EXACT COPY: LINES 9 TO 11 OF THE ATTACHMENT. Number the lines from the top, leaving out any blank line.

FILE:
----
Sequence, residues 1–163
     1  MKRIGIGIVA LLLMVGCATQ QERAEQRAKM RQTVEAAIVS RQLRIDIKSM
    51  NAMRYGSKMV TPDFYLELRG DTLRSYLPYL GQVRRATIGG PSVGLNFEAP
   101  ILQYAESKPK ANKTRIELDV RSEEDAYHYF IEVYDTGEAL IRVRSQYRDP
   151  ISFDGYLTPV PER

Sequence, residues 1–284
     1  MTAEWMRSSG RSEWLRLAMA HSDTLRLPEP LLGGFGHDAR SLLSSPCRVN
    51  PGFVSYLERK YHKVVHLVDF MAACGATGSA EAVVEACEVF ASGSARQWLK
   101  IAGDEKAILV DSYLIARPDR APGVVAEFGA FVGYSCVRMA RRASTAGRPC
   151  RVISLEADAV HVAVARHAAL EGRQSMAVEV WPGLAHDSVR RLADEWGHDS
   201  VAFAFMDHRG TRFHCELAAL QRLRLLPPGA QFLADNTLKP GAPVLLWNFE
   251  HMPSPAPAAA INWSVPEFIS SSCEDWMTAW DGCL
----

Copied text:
   101  IAGDEKAILV DSYLIARPDR APGVVAEFGA FVGYSCVRMA RRASTAGRPC
   151  RVISLEADAV HVAVARHAAL EGRQSMAVEV WPGLAHDSVR RLADEWGHDS
   201  VAFAFMDHRG TRFHCELAAL QRLRLLPPGA QFLADNTLKP GAPVLLWNFE